Greening the industrial city: equity, environment, and economic growth in Seattle and Chicago

  • Corina McKendry
  • Nik Janos
Original Paper


In many cities of the global North, city leaders are using greening as a way to compete in the globalized economy. Critiques of this development strategy typically focus on downtown areas, and many have noted that such processes often displace poor and working class people. Less studied are those areas that have not been fully incorporated into the postindustrial economy and where the struggles around social justice, economic development, and ecological restoration are still being played out. It is this insufficiently informed area of knowledge which this paper seeks to address and as to which we ask: What has been the impact of the green economy discourse in relatively more marginalized urban areas? Using industrial areas of Southeast Chicago and South Seattle as case studies, this paper draws on previously unreported qualitative data to argue that community efforts to promote environmental justice in these areas have the potential to redefine practices of green economic growth to incorporate social equity and community coherence. However, their ability to do so is constrained by the difficulty in challenging neoliberal discourses of the primacy of growth and the need of greening to benefit the consumer class. The paper contemplates the implications of the lessons learnt for greening cities in both developed and developing countries.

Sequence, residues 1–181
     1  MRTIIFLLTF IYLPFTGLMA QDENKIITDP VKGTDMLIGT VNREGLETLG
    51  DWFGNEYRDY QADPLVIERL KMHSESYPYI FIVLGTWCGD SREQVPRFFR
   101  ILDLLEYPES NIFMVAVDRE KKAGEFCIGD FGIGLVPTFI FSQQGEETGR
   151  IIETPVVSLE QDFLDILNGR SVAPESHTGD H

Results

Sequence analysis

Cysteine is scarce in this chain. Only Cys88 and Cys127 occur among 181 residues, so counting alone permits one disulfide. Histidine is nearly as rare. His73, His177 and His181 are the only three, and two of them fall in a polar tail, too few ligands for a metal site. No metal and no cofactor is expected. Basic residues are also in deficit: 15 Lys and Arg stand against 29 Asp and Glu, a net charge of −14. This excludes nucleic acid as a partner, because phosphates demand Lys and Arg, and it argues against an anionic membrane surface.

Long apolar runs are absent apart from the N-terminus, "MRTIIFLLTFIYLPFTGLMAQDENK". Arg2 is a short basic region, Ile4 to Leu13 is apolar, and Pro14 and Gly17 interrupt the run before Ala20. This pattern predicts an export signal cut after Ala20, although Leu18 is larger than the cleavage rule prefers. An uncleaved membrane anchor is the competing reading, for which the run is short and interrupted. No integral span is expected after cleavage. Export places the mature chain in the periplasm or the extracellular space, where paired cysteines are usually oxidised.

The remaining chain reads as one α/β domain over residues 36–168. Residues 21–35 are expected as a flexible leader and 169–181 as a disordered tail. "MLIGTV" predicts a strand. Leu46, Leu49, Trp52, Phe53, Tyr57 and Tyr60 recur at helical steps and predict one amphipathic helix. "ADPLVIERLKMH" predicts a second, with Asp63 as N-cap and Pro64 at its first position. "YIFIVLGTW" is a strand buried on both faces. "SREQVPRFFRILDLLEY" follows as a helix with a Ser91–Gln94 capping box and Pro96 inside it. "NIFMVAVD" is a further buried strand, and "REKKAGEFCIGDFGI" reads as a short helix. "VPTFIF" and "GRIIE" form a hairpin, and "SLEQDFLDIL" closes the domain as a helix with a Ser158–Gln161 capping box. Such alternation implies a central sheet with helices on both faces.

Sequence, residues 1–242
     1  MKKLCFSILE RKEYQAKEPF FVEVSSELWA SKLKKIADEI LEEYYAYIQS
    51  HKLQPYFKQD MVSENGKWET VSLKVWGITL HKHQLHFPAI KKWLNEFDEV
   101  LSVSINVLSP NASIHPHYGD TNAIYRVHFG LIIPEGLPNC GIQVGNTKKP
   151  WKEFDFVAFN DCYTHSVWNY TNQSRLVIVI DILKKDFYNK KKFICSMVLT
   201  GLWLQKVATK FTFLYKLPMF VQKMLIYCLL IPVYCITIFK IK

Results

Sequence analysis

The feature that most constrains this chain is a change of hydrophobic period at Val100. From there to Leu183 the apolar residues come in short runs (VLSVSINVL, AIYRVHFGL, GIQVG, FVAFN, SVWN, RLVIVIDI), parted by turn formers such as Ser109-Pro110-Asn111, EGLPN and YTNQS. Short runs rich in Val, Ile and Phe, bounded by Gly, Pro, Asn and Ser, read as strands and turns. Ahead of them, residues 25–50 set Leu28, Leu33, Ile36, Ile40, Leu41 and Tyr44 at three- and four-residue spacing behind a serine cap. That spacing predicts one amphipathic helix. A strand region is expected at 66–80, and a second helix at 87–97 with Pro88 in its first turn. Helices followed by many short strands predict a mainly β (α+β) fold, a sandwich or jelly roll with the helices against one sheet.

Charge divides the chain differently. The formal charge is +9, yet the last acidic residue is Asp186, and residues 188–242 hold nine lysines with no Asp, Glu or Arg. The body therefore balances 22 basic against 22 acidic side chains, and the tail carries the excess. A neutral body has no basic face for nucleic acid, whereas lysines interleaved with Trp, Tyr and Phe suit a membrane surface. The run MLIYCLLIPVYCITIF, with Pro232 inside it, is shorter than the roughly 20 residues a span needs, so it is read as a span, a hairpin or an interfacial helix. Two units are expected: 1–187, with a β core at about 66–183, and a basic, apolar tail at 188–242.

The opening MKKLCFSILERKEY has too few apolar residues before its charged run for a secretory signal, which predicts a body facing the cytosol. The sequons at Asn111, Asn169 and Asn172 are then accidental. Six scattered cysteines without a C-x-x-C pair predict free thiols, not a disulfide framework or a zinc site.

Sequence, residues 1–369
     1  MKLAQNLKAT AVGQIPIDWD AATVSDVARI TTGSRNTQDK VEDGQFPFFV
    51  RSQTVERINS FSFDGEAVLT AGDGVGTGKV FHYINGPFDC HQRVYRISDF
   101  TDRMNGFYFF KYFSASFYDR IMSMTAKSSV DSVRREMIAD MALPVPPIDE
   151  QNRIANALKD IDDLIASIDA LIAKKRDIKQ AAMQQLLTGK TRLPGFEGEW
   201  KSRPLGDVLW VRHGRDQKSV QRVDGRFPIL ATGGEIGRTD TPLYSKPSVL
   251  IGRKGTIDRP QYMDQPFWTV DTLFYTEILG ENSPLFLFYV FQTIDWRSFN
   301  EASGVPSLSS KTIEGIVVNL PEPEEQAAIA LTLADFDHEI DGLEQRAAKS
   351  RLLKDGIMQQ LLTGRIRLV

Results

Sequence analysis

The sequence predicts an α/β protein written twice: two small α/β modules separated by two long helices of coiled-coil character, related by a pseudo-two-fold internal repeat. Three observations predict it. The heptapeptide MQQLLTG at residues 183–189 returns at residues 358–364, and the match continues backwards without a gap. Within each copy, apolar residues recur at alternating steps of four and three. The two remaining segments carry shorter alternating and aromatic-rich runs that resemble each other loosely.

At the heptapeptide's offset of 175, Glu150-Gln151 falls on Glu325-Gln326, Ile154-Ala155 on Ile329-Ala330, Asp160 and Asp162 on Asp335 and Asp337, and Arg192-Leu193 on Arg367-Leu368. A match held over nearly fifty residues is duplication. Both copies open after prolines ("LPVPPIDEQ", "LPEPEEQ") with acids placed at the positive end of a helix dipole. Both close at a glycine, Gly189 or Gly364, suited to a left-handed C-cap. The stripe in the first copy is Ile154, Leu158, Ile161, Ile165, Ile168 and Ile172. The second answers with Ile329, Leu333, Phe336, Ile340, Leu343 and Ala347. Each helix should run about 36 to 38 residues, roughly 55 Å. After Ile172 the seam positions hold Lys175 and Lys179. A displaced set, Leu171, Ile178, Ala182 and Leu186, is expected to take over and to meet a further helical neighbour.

City greening Environmental justice Neoliberal urbanism Seattle Chicago 



Duwamish river cleanup coalition


Environmental protection agency


Eco-industrial district


Lower Duwamish waterway group


Leadership in energy and environmental design


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Copyright information

© Springer Science+Business Media Dordrecht 2014

Authors and Affiliations

  1. 1.Department of Political ScienceColorado CollegeColorado SpringsUSA
  2. 2.Department of SociologyCalifornia State University, ChicoChicoUSA

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